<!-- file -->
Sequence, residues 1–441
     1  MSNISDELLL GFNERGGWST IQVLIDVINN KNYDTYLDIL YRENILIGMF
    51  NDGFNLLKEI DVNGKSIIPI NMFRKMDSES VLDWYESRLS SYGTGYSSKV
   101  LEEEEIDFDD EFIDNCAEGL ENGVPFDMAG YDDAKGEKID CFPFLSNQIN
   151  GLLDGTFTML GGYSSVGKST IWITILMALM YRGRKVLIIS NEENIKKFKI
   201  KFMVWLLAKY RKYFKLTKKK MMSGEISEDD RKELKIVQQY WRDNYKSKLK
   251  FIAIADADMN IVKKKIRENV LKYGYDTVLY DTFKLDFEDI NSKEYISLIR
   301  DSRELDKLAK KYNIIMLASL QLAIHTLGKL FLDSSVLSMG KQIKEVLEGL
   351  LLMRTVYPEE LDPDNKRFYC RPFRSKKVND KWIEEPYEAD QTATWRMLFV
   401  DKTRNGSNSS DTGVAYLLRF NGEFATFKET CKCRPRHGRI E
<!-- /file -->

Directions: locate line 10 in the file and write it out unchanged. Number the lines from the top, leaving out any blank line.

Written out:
   401  DKTRNGSNSS DTGVAYLLRF NGEFATFKET CKCRPRHGRI E